January 14, 2021
Schilling Farms Water Tower District: Here’s a Look at the First Phase Plans and Timeline
The Commercial Appeal
Construction could begin this year on residential and retail buildings at the Schilling Farms Water Tower District in Collierville.
On Dec. 14, the Collierville Board of Mayor and Aldermen approved a preliminary site plan for 257 residential units in the northwest corner of Schilling Farms. Now Boyle Investment Co., the project’s developer, is preparing the final plans.
“We hope we’ll have the residential and retail component under construction in 2021,” said Les Binkley, vice president of Boyle Investment.
The first phase includes 28 buildings for the residential side of the 50-acre Water Tower District, which will include rental properties — 32 townhomes, seven three-story apartment buildings and duplexes. The residential side is located along Schilling Boulevard West between Poplar Avenue and Winchester Boulevard.
“We’ve done a pretty terrific job, I think, of mixing up the building types inside the neighborhood,” Binkley said. “It’s pretty special for a suburban project like this because we have so many different building types with elevator-served buildings, which is rare.”
In addition to elevators, Binkley pointed out the development will include private direct-access garages for some. He also said the community will have a walkable component not commonly seen around Collierville.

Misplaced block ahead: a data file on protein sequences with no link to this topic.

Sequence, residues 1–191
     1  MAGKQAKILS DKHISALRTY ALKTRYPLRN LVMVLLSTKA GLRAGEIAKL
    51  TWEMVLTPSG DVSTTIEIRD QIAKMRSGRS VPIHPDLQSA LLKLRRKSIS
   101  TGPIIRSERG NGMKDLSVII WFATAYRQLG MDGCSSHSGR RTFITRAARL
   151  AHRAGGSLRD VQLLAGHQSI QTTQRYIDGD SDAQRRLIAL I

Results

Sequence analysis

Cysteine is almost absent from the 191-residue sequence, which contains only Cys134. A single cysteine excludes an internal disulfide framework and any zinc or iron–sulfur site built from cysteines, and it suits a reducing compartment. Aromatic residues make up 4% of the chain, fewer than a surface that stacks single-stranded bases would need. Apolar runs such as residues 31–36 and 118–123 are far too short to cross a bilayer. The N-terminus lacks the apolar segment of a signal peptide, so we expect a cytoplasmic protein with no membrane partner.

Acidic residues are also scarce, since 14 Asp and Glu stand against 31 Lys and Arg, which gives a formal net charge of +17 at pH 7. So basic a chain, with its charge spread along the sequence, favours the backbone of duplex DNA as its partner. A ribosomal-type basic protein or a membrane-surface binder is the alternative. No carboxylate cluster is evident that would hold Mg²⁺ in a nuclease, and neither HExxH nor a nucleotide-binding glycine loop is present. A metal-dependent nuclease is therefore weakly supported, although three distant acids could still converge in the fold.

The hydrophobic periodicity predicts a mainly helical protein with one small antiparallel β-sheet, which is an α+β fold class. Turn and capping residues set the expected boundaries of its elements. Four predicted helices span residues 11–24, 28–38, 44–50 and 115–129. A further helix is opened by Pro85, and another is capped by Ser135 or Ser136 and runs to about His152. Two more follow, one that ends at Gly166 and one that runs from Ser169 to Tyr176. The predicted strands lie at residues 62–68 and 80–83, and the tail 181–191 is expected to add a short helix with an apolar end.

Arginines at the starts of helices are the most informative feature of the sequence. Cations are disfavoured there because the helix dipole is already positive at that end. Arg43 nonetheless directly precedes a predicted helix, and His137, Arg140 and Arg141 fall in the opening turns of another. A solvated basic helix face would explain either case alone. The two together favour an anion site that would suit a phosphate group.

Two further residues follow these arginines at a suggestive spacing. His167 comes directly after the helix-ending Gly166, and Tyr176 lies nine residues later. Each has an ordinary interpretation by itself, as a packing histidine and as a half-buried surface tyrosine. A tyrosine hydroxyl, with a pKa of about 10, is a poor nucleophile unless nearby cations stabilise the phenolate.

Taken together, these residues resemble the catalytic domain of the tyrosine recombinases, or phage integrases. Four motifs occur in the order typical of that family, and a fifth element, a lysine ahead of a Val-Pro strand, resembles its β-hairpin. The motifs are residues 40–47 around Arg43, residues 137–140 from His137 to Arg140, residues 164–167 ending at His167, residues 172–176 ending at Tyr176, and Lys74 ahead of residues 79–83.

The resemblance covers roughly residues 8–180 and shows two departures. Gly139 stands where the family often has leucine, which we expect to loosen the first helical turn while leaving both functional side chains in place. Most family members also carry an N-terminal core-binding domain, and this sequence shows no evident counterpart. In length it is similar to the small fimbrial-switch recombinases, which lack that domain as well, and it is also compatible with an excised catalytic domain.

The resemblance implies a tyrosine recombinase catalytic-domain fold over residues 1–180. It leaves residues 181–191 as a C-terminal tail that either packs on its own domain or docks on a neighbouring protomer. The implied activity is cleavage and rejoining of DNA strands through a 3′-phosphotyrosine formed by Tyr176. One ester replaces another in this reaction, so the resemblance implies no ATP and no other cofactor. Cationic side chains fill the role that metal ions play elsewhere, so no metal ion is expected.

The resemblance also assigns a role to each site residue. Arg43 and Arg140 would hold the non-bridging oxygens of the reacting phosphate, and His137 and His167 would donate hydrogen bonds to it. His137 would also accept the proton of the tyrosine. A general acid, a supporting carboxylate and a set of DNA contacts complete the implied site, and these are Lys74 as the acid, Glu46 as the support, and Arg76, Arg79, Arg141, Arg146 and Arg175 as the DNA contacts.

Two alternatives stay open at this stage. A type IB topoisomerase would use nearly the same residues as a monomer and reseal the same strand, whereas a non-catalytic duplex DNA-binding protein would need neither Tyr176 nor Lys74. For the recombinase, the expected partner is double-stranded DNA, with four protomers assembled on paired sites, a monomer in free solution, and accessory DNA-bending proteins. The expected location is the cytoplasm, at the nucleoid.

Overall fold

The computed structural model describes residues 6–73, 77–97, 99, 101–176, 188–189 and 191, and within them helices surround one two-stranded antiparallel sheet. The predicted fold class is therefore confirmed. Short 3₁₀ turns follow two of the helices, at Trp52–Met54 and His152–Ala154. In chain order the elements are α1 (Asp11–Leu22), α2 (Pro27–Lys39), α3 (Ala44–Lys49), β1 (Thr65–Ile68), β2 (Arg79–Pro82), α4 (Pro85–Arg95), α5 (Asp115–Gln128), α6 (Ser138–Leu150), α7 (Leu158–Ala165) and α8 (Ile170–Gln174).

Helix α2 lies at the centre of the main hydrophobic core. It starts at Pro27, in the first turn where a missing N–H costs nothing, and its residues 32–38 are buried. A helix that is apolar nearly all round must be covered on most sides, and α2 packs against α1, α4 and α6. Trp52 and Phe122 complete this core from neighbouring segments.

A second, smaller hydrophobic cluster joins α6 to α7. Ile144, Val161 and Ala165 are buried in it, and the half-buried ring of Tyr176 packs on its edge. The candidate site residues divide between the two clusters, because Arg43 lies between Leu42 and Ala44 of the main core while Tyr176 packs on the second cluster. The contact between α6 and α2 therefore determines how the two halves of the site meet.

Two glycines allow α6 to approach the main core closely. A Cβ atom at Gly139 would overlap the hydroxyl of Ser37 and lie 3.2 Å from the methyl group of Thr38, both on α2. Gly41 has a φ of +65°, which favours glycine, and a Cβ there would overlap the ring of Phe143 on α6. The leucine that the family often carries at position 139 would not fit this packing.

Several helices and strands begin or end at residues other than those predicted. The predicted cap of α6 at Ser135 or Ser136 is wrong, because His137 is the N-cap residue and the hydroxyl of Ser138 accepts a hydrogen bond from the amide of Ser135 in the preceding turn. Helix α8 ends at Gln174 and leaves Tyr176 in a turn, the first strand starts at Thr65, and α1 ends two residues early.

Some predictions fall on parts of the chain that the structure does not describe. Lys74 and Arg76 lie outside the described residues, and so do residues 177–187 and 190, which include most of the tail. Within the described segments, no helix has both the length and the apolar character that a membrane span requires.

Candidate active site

Along with residential areas, the first phase contains 40,000 square feet of retail space, 50,000 square feet of office space and the corporate headquarters for IMC Companies, an intermodal logistics provider, which is already under construction.
“I think as far as the retail component, we’re trying to add services to this section of Collierville and this area of Schilling Farms to have more services for corporate office tenants,” Binkley said. “That’s one big thing we try to do.”
Binkley said the phase one construction would last around two years.
Phase two plans, which Boyle has not submitted yet, will include more space for office and apartment buildings and a hotel or two if the market allows.
We have the zoning for it, and we would love to sell a site to a hotel company,” Binkley said. “Just obviously with the COVID pandemic and the stress on hotels we’re not really sure when or if that would occur.”
Binkley expects the market will embrace a development like the Water Tower District because of the walkability, elevator-served buildings and direct-access garages.
“Our project is laid out in a really urban walkable fashion, so all the buildings are pulled up close to the street, they all have front porches and there’s parallel on-street parking,” Binkley said. “It’s a very pleasant, non-typical suburban type of arrangement, and we’re excited for the next phase.”